This book is cause for celebration. Notwithstanding the complexity of his many source traditions, Solon is our best attested historical figure from archaic Greece, as sophos, poet, statesman, lawgiver, and the subject of a biography by Plutarch. Before Leão and Rhodes, those interested in Solon the lawgiver necessarily used E. Ruschenbusch’s two collections of Solon’s laws. Solonos Nomoi (Wiesbaden 1966), Ruschenbusch’s doctoral dissertation, was limited to Greek texts without translation or commentary, and banished to the end as doubtful or fictional many of Solon’s attested constitutional or other laws (for example on inheritance or burial) that many scholars think genuine. Ruschenbusch died in 2007 before finishing revisions, including German translations and commentaries, to his 1966 volume. His colleague at Frankfurt, the Roman historian Klaus Bringmann saw Solon: Das Gesetzeswerk — Fragmente through to publication (Wiesbaden 2010; see Leão’s review in AAHG 67  110-12), although many texts that Ruschenbusch still judged “false, doubtful, or unusable” were not printed, and his commentaries take no account of much recent work on Solon and Greek law. Leão & Rhodes include thirty-seven fragments not in either edition of Ruschenbusch (who also did not quote certain numbered fragments that he thought unimportant). In addition, they consider genuine twenty-two texts that Ruschenbusch condemned, and condemn three (or four: fr. 23d) texts that Ruschenbusch thought genuine. They translate each fragment into English, and follow each fragment with excellent commentaries, including up-to-date bibliographies notably distinguished by Portuguese and Italian contributions. This book is a major addition to Solonian studies. I comment first on their translations, then on their commentaries, and then on the book’s structure and other qualities.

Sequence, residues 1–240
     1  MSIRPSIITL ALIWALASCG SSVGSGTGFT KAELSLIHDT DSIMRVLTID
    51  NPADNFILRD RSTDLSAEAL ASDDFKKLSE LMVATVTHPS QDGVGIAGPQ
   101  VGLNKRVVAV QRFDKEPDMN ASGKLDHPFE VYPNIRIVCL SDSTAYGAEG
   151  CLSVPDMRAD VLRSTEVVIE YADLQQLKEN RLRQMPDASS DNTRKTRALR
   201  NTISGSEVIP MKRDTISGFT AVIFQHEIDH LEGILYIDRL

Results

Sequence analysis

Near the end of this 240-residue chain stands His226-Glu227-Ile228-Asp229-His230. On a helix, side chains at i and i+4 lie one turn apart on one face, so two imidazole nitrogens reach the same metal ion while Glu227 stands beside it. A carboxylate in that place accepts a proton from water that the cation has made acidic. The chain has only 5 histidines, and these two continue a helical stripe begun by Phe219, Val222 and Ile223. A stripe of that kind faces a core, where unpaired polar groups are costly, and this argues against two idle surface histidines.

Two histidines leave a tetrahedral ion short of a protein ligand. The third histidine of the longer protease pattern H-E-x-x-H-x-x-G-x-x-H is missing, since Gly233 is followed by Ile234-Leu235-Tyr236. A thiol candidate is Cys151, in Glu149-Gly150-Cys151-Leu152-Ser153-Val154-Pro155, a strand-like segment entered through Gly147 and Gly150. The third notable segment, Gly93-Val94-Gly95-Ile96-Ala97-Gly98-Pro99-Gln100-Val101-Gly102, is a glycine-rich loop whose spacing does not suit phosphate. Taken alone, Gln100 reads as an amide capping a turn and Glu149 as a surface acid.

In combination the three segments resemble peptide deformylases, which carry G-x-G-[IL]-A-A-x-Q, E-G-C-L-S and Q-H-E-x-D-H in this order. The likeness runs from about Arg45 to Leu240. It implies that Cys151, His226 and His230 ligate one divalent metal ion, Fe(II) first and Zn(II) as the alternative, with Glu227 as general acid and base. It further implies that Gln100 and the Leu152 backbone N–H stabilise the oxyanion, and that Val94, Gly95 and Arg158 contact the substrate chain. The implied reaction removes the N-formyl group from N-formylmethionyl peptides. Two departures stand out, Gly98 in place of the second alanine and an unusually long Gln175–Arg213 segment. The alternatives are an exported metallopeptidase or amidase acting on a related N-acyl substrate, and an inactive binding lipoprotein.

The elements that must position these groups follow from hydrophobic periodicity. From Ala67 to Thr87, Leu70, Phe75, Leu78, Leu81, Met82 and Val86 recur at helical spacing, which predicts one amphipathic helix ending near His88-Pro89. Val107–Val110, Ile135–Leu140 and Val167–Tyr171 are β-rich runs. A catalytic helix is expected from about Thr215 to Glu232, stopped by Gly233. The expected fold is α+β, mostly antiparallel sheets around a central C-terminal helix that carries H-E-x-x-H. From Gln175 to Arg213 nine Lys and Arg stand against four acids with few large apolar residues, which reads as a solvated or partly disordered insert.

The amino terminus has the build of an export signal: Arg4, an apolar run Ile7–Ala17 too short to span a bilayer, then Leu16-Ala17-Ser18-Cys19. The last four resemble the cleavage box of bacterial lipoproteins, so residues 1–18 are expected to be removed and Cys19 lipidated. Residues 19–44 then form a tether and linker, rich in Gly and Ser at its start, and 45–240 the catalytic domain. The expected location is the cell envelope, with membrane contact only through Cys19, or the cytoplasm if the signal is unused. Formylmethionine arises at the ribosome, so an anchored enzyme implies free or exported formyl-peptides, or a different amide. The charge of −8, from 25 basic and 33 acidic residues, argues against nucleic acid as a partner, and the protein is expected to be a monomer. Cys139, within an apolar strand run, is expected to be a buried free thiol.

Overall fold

Leão and Rhodes’s translations read well and are highly accurate. Some few passages may benefit from further suggestions, not least because in legal texts much can hinge on a single word.
Introduction p. 1 last line, a verse from Solon’s poems may be translated, “I wrote laws for lower and upper classes equally,” homoiôs
, rather than “alike” (Leão & Rhodes), to make clear Solon’s insistence that justice be equal for all, also echoing seventh-century Spartan egalitarian constitutional reforms (of the homoioi
) as he does elsewhere.
Fr. 1a: allos
can mean “as well” or “besides” (LSJ s.v. II 8). Hence perhaps, “Solon established a constitution and enacted laws as well” (rather than “other laws”). Compare fr. 21b, the basileus
“judge the cases of inanimate things and of animals as well” (not “of other creatures”).
Fr. 4/1a: add “premeditated” (which is in their Greek but not English text) before “wounding” and probably before “homicide.”
In fr. 15a and often elsewhere (e.g., 22/1, 28a, 49a, 50a), Leão & Rhodes (and many other scholars) use the English word “right” or “rights” which have no Greek equivalent. Greek citizens had no rights, but various powers and competences which (unlike rights) could be taken away at any time.